“The extreme right is at the doors of power,” Prime Minister Gabriel Attal said, warning that France could end up with its first far-right government since World War II if voters don’t come together to thwart that scenario in round two next Sunday.

When Macron dissolved the National Assembly on June 9 after a stinging defeat by the National Rally in French voting for the European Parliament, he gambled that the anti-immigration party with historical links to antisemitism wouldn’t repeat that success when France’s own fate was in the balance, AP wrote.

That gamble didn’t pay off in the first round. Even so, the French have in past elections voted for fringe parties in the first round before changing their vote in the second.

Still, winning a parliamentary majority would enable National Rally figurehead Marine Le Pen to install her 28-year-old protégé, Jordan Bardella, as prime minister. She inherited the party, then called the National Front, from her father, Jean-Marie Le Pen, who has multiple convictions for racist and antisemitic hate speech, and spent years rebranding it as more mainstream.

Meanwhile, the four-party left-wing alliance, New Popular Front, came in second nationally with 28.1 percent of the vote. The alliance is made up of Jean-Luc Mélenchon’s Unsubmissive France, Socialists, Greens and Communists. Ipsos calculated that the bloc could win 125-165 seats, making it the second-biggest parliamentary bloc.

Macron’s centrist alliance, Ensemble, won around 20 percent of the vote and is projected to lose more than half of its seats in what one official called a “total catastrophe.” Macron has said he will not step down before his term expires in 2027.

Meanwhile, turnout was more than 66 percent, according to polling estimates, which would make it the highest for a first-round legislative election in 27 years.


We Can Be Heroes

In the rugged heathlands of southern Australia, an unexpected hero has emerged in the battle against a costly agricultural pest.

Giant lizards known as heath goannas are stepping up as nature’s clean-up crew, providing a much-needed solution to a pervasive problem for sheep farmers. These scavenging reptiles can grow up to five feet in length and are natives to the heathlands – or shrublands – of southern Australia.

Researchers from the University of Cambridge discovered that these scavenging reptiles reduce blowfly populations by consuming maggot-ridden animal carcasses, according to a new study conducted at 18 sites across the Marna Banggara Rewilding Project area on Australia’s southern Yorke Peninsula.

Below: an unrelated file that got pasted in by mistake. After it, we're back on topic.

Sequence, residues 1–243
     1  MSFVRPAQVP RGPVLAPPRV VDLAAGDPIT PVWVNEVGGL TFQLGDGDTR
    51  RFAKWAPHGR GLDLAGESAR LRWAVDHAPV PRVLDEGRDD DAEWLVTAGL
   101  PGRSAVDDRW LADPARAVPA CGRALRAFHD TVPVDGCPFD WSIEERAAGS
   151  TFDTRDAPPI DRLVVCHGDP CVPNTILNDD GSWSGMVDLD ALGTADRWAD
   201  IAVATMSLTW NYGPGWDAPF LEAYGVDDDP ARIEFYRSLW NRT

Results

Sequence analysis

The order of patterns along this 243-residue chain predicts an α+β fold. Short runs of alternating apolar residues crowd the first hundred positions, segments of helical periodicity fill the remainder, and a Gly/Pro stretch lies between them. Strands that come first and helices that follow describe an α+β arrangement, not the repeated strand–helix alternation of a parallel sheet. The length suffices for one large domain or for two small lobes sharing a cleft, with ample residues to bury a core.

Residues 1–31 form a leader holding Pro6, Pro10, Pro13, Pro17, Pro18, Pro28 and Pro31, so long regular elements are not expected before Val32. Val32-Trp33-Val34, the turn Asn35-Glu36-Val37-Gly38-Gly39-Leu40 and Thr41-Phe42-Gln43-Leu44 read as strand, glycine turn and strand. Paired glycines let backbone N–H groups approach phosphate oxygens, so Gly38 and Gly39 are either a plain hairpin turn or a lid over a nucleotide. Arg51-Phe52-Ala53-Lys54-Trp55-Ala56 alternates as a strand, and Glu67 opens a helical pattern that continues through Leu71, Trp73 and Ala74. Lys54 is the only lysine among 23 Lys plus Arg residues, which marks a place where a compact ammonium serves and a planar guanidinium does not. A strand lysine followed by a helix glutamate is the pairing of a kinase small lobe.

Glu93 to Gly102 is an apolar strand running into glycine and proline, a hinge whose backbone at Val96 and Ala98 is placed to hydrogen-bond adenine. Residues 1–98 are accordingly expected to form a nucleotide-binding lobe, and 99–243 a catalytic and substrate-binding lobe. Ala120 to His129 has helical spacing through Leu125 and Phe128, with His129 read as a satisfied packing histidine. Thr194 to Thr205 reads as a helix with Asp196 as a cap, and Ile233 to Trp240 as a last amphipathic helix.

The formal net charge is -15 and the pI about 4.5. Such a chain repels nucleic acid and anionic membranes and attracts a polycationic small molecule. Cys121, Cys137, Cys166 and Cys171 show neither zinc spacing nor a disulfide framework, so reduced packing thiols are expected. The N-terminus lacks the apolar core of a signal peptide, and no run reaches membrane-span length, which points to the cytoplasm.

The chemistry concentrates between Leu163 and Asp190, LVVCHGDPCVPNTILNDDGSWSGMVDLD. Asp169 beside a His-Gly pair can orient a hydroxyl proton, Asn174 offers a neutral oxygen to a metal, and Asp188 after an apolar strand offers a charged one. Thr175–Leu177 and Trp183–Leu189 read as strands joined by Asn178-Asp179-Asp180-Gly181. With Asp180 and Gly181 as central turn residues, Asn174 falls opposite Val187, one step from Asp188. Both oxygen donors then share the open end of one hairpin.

In it, the team placed hundreds of dead rats at various feeding stations – all monitored by camera traps – across the landscape to observe scavenger activity.

Their findings showed that heath goannas and other native scavengers are more effective at controlling blowfly populations than introduced European species such as red foxes.

The team explained that the lizard’s presence and effectiveness can help reduce the incidence of “fly strike” a devastating condition where blowfly larvae burrow into sheep flesh, causing painful wounds, reducing market value, and often leading to death.

The disease costs the Australian sheep farming industry about $186 million annually.

“Blowflies are a massive problem for the Australian sheep farming industry – they cause a horrible disease that is expensive for farmers to manage and a real animal welfare problem for sheep,” said Tom Jameson of Cambridge’s Department of Zoology, in a statement.

Boosting heath goanna populations not only benefits native wildlife but also offers significant advantages to local agriculture and wildlife tourism.

“The results suggest that conservation work should focus on removing invasive species and boosting populations of native species because they’re really important for the wider ecosystem,” Jameson said.

The Marna Banggara project, supported by the Indigenous Narungga traditional owners, aims to restore ecosystem health by reintroducing native species.

Since European settlers introduced red foxes and cats in the 18th century, more than 90 percent of native mammals in the region have become extinct.